Polymorphic associations


In Ruby on Rails, associations are the glue that binds your models together. But what if a single model needs to connect with multiple other models, and not just one specific type? This is where polymorphic associations come in, offering a powerful and flexible way to structure your data relationships.

Understanding Polymorphism

Imagine a social media platform where users can post comments. These comments can be attached to various things: a status update, a photo, or even another comment. Defining a separate association for each possibility would be cumbersome and inflexible. Polymorphic associations come to the rescue!

The Rails Way: Two Columns, Many Possibilities

Polymorphism utilizes two additional columns in the associating table. One stores the ID of the related model, and the other stores the type of that model. This allows a single association to connect to any model that defines the expected behavior.

Real-World Analogies: Beyond Social Media

The power of polymorphic associations extends far beyond social media comments. Here are some real-life examples that illustrate their versatility:

  • E-commerce: A product can have many attachments, like images, videos, or specifications. A polymorphic association can link the Product model to these various attachment models.
  • Inventory Management: A Shipment could contain different types of items, like books, electronics, or clothes. Polymorphism allows the Shipment model to link to these diverse models through a single association.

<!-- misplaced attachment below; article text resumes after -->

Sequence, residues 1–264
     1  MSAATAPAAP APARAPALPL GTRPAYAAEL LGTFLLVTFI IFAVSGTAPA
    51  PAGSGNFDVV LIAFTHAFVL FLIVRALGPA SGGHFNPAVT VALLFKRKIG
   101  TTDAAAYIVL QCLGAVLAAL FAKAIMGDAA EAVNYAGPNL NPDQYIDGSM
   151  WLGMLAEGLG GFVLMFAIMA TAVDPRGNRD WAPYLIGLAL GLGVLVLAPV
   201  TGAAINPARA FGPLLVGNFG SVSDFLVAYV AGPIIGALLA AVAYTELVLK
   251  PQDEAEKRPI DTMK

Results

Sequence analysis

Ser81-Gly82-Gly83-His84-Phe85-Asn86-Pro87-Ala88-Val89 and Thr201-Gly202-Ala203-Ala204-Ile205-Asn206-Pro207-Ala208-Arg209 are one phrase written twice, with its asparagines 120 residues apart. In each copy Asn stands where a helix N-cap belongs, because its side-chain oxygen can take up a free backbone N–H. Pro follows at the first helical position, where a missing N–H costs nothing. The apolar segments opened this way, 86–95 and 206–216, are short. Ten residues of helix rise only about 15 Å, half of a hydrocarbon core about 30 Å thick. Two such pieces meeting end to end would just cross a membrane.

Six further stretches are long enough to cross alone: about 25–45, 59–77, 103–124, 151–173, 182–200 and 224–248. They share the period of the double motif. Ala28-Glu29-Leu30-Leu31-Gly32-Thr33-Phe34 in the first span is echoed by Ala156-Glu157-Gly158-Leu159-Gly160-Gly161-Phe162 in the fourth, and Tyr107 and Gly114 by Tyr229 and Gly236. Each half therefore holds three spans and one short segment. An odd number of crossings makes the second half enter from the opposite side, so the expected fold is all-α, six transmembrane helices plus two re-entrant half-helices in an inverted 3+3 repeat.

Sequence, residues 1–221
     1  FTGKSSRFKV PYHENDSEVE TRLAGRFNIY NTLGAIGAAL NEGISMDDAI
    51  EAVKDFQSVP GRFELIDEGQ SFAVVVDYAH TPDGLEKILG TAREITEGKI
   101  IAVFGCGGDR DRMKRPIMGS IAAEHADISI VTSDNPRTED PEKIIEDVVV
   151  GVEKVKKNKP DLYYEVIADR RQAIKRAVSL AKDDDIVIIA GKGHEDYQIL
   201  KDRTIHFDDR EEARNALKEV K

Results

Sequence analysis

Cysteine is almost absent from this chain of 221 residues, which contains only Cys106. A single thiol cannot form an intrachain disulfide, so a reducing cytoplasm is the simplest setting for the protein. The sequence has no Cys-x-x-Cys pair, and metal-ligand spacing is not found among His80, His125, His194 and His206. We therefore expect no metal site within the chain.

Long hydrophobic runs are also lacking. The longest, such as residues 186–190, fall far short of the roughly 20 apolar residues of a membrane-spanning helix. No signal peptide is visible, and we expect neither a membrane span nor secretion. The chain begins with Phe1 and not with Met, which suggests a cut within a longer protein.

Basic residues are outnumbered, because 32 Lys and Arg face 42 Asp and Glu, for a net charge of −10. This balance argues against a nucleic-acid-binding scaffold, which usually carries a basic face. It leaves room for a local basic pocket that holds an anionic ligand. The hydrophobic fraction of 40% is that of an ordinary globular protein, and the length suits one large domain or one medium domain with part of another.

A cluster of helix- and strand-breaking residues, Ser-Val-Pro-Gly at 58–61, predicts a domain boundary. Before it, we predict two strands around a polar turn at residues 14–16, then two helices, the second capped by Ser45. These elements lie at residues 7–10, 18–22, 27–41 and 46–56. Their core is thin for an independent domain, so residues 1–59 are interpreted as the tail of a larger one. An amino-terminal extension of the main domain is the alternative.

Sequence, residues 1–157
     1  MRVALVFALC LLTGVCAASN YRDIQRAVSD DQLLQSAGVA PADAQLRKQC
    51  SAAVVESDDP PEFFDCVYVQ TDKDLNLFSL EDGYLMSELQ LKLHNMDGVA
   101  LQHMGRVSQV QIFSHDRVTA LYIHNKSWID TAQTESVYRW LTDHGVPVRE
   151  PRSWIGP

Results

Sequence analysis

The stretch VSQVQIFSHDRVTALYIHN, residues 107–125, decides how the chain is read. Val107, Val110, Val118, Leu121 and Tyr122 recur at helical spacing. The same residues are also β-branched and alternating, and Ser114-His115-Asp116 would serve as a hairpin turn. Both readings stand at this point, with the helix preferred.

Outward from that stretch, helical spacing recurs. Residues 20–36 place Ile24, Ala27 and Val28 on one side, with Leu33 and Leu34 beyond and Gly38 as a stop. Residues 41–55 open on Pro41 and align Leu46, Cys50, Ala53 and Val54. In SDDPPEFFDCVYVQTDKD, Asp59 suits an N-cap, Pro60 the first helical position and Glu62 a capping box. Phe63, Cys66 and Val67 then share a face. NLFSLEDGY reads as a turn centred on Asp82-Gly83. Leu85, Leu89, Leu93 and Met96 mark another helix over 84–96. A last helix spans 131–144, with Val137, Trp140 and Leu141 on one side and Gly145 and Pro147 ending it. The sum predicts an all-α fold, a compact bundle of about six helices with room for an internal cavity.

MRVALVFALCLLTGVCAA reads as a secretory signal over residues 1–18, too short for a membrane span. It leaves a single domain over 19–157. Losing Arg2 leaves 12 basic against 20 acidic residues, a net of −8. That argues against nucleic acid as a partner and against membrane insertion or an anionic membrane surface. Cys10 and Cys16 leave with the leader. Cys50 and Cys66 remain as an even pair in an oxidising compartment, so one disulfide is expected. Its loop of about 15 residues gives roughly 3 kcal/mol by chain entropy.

• Content Management System (CMS): A CMS might allow attaching files (documents, images) to various content types (pages, articles). Polymorphism elegantly handles this by connecting the File model to different models based on content type.

Benefits of Polymorphism: DRY Code and Flexibility

  • Reduced Code Duplication: By using a single polymorphic association, you avoid defining separate associations for each possible connection. This keeps your code DRY (Don’t Repeat Yourself) and easier to maintain.
  • Flexible Data Relationships: As your application grows, you can introduce new model types that can leverage the existing polymorphic association without code changes. This promotes adaptability and future-proofs your data model.

A code example

Here’s a simplified example demonstrating a polymorphic association in Rails:

# attachable.rb
class Attachable < ApplicationRecord
  belongs_to :attachable, polymorphic: true

# post.rb
class Post < ApplicationRecord
  has_many :attachments, as: :attachable

# image.rb
class Image < ApplicationRecord
  has_one :attachment, as: :attachable

In this example, the Attachable model acts as the bridge, storing the reference to the attached model (attachable_type) and its ID (attachable_id). The Post model can have many attachments (has_many), while an Image model can be attached to one model (has_one).


Polymorphic associations offer a powerful tool to model flexible data relationships in Ruby on Rails applications. By embracing polymorphism, you can create a more adaptable and maintainable codebase while keeping your data structure organized. So, the next time you encounter a situation where a single model needs to connect with various others, consider the power of polymorphism! If you have any doubts post them into the comment section.